Paradox of Unit Testing?

A quick google search shows no hits for "paradox of unit testing", but there are equivalents, so I don't claim to invent the term.  What I'm about to tell you is so patently obvious that it is galling to me that no one else doesn't see this and attempt to change it.  My "paradox of unit testing" is quite simple...the more we unit test, the worse our code quality is and the less software we sell.  Please don't construe that I am against testing or unit tests.  I'm not.  I'm against excessive testing that shows no value.  And automated testing may actually be making your product worse!  
Over-Reliance on Automated (Unit) Testing Tools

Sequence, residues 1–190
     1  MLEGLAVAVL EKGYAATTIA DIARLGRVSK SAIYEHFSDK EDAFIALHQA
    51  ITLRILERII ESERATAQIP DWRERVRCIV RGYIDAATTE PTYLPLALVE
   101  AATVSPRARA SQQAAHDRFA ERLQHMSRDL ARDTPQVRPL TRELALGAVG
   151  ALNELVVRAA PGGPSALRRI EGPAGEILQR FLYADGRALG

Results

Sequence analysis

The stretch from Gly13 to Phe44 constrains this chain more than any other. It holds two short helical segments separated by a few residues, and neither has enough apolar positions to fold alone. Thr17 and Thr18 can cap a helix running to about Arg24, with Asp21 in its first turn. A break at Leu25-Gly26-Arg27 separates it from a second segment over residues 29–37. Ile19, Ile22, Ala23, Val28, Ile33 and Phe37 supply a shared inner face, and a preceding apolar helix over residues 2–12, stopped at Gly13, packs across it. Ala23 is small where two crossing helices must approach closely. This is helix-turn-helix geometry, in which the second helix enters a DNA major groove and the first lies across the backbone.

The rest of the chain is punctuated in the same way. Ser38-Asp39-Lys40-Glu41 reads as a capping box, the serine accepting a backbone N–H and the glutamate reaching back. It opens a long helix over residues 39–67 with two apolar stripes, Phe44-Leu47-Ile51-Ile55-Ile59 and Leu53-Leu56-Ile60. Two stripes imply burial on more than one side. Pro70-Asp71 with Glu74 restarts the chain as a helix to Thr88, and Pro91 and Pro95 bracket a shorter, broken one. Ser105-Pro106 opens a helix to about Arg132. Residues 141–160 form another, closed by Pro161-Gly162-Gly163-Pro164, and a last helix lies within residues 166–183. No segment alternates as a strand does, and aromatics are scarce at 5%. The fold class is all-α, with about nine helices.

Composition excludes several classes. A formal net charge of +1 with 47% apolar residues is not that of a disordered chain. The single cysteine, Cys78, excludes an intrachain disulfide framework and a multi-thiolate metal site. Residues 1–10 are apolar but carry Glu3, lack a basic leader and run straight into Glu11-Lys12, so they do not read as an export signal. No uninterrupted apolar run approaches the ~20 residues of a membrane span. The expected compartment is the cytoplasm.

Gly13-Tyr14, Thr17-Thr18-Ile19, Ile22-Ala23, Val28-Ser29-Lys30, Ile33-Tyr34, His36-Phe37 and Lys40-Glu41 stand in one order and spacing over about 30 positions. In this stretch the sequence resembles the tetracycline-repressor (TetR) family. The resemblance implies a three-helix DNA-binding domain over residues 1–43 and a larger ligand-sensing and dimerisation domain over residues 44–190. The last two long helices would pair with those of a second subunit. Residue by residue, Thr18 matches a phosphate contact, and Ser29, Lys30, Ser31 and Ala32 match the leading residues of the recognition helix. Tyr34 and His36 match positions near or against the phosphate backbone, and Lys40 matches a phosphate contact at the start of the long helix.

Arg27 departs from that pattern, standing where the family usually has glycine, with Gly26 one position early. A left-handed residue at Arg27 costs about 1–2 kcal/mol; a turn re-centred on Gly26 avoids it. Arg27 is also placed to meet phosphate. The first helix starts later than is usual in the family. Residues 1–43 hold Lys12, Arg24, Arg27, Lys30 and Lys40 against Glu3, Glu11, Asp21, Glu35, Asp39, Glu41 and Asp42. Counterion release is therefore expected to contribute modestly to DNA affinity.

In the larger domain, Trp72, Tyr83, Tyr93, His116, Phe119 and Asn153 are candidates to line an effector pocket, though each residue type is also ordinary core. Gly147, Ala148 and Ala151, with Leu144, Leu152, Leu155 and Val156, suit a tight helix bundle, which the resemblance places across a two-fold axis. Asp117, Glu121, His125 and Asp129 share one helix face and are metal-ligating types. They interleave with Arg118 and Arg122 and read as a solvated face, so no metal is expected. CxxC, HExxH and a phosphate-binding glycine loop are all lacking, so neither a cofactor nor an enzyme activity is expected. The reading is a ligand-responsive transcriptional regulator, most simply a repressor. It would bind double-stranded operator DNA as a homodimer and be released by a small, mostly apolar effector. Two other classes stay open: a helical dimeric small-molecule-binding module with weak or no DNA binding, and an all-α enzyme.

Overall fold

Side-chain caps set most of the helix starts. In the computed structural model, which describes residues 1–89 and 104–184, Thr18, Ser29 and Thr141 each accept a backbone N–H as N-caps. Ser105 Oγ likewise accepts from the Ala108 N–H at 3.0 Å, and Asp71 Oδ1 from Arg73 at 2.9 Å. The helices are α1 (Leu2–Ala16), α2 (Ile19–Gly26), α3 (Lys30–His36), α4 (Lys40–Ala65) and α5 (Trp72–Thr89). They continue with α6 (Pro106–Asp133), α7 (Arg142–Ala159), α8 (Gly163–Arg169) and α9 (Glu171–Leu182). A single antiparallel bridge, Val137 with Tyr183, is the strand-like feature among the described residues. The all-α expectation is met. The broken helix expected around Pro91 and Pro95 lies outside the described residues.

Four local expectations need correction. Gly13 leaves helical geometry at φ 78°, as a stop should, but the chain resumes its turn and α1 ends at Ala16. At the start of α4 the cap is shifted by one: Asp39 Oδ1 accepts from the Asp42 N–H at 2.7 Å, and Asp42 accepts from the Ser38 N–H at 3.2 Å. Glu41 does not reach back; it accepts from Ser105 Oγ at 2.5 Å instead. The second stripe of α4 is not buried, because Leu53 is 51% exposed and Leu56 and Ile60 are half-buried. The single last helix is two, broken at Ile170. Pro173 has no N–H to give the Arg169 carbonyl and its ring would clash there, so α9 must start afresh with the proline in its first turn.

For the last half decade every one of my employers has tried to automate more and more of the QA work.  True, for the small, less-than-5% of the automated tests, the code is entirely bug-free.  However, a machine cannot automate and test bugs it doesn't know how to test for.  Here's a well known story that you can google if you don't believe me.  When M$ was developing the Vista release of Windows there was an internal management push to use automated testing tools.  The reports indicated all of the tests passed.  Yet, the public reception of Vista was less-than-stellar.  Users felt the interface was inconsistent and unpolished and full of bugs.  An interface becomes aesthetically pleasing when the interface has consistent patterns of behavior and look-and-feel.  How do you automate testing of that?  You don't.  QA testers will only file bugs for those issues after they use features repeatedly and note the inconsistencies.  These obvious problems (to a human) do not fit the definition of a bug by an automated testing tool.  Taken in toto, these "bugs" led users to generally feel that Vista was inferior to XP.